Any other devices that didn't fit into any of the above categories got lumped together here.
Different drivers make use of different parameters, but they all at least share having an IRQ, an I/O port base value, and a name. In its most generic form, it looks something like this:
The first non-numeric argument is taken as the name.
param_n values (if applicable) usually have
different meanings for each different card/driver.
param_n values are used to specify things
like shared memory address, interface selection, DMA
channel and the like.
The most common use of this parameter is to force probing for a second ethercard, as the default is to only probe for one (with 2.4 and older kernels). This can be accomplished with a simple:
Note that the values of zero for the IRQ and I/O base in the above example tell the driver(s) to autoprobe.
IMPORTANT NOTE TO MODULE USERS: The above will not force a
probe for a second card if you are using the driver(s) as run time
loadable modules (instead of having them complied into the kernel).
Most Linux distributions use a bare bones kernel combined with a
large selection of modular drivers. The
ether= only applies
to drivers compiled directly into the kernel.
The Ethernet-HowTo has complete and extensive
documentation on using multiple cards and on the card/driver
specific implementation of the
param_n values where used.
Interested readers should refer to the section in that document
on their particular card for more complete information.
There are many floppy driver options, and they are all listed in
linux/Documentation. There are too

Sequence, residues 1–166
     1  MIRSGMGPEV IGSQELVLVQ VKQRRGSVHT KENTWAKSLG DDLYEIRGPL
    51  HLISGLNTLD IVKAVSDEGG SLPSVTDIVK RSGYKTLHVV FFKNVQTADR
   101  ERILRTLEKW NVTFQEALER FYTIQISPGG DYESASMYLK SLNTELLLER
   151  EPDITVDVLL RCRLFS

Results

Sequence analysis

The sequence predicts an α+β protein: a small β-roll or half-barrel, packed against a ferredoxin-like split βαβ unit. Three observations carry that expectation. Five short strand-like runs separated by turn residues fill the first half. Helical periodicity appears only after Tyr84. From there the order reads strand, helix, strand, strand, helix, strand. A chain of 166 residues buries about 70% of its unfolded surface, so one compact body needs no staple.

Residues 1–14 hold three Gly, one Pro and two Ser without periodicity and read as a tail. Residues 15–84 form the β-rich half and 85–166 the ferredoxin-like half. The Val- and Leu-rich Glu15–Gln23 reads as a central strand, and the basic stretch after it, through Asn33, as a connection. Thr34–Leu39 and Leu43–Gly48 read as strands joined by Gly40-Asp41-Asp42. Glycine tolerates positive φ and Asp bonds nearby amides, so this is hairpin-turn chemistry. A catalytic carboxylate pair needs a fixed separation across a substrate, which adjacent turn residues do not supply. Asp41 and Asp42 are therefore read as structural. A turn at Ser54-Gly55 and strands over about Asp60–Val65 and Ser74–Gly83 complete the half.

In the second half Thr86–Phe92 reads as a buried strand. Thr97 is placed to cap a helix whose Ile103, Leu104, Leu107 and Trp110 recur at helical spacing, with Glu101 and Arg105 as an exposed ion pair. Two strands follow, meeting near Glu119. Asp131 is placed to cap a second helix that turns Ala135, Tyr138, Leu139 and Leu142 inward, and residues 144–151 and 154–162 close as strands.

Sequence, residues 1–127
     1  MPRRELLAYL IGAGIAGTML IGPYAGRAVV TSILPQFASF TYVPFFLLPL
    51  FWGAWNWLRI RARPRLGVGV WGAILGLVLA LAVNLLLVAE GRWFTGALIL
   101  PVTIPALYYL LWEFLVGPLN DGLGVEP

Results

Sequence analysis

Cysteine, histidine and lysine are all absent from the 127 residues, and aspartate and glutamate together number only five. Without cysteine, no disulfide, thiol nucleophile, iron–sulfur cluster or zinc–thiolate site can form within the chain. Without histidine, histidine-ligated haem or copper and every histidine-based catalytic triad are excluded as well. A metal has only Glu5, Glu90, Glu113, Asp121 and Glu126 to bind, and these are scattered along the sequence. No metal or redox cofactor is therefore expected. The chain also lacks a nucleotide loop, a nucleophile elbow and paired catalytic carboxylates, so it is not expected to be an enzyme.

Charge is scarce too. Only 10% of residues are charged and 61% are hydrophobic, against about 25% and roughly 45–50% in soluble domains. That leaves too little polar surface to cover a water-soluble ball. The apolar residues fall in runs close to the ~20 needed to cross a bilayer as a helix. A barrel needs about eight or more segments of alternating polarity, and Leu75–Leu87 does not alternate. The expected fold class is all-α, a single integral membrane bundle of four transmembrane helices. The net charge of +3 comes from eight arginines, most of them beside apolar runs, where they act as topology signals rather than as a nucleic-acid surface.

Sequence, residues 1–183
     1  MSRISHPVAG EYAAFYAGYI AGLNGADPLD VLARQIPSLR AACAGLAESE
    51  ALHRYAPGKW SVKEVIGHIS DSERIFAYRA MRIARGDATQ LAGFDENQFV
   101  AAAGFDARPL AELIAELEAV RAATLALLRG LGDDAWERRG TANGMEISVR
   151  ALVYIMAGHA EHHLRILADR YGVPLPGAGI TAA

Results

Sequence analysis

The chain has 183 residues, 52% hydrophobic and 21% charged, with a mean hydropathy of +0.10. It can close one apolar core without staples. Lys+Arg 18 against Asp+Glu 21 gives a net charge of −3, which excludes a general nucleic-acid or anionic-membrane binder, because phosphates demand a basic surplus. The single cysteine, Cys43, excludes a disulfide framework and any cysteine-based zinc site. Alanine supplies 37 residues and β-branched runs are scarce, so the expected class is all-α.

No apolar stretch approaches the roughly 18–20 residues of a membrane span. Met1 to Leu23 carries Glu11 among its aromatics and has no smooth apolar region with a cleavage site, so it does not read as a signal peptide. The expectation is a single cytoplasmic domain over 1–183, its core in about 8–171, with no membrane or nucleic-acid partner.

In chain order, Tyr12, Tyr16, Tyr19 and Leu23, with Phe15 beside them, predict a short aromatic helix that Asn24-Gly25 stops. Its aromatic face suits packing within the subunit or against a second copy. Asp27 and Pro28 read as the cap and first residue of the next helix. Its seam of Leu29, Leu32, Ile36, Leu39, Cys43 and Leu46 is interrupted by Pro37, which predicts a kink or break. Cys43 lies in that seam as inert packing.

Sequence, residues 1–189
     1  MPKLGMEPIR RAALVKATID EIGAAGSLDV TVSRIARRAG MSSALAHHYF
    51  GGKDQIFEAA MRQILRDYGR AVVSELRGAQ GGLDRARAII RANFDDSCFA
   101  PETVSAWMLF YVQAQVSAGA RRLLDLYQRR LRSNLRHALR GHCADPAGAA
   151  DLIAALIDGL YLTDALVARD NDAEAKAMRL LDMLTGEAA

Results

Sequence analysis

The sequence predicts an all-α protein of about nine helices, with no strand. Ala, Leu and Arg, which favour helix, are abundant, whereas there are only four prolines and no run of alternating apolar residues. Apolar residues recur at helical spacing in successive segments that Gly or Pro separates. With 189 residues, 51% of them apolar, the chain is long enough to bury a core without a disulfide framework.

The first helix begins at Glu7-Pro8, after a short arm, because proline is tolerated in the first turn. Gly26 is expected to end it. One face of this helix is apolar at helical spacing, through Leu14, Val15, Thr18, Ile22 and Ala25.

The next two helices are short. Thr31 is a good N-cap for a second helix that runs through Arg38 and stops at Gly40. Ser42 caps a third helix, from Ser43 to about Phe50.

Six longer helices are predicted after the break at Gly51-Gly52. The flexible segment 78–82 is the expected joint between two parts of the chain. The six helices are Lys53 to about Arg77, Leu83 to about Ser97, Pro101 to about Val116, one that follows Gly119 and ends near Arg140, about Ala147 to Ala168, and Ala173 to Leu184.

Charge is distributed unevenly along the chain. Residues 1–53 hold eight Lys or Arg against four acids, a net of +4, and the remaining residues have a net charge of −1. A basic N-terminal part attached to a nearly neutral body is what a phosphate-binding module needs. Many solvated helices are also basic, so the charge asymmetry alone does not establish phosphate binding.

many options in that file to list here. Instead, only those
options that may be required to get a Linux install to proceed
on less than normal hardware are reprinted here.
Tells the floppy driver that your floppy controller should be used
with caution (disables all daring operations).
Tells the floppy driver that you have a Thinkpad. Thinkpads use an
inverted convention for the disk change line.
Tells the floppy driver not to use DMA for data transfers.
This is needed on HP Omnibooks, which don't have a workable
DMA channel for the floppy driver. This option is also useful
if you frequently get `Unable to allocate DMA memory' messages.
Use of `nodma' is not recommended if
you have a FDC without a FIFO (8272A or 82072). 82072A and
later are OK). The FDC model is reported at boot.
You also need at least a 486 to use nodma.
Disables the FIFO entirely. This is needed if you get `Bus
master arbitration error' messages from your Ethernet card (or
from other devices) while accessing the floppy.
Don't use the disk change line, but assume that the disk was
changed whenever the device node is reopened. Needed on some
boxes where the disk change line is broken or unsupported.
This should be regarded as a stopgap measure, indeed it makes
floppy operation less efficient due to unneeded cache
flushings, and slightly more unreliable. Please verify your
cable connection and jumper settings if you have any DCL
problems. However, some older drives, and also some Laptops
are known not to have a DCL.
Print (additional) debugging messages.
Print informational messages for some operations (disk change
notifications, warnings about over and underruns, and about
The busmouse driver only accepts one parameter, that being the hardware IRQ value to be used.
The MS mouse driver only accepts one parameter, that being the hardware IRQ value to be used.
With this boot argument you can tell the printer driver what ports to use and what ports not to use. The latter comes in handy if you don't want the printer driver to claim all available parallel ports, so that other drivers (e.g. PLIP, PPA) can use them instead.
The format of the argument is multiple i/o, IRQ pairs. For example,
lp=0x3bc,0,0x378,7 would use the port at
0x3bc in IRQ-less
(polling) mode, and use IRQ 7 for the port at
0x378. The port
0x278 (if any) would not be probed, since autoprobing only
takes place in the absence of a
lp= argument. To disable the
printer driver entirely, one can use
plip=timid will tell the plip driver to avoid
any ports that appear to be in use by other parallel port
devices. Otherwise you can use
N is a non-zero integer indicating the parallel
port to use. (Using
N=0 will disable the plip driver.)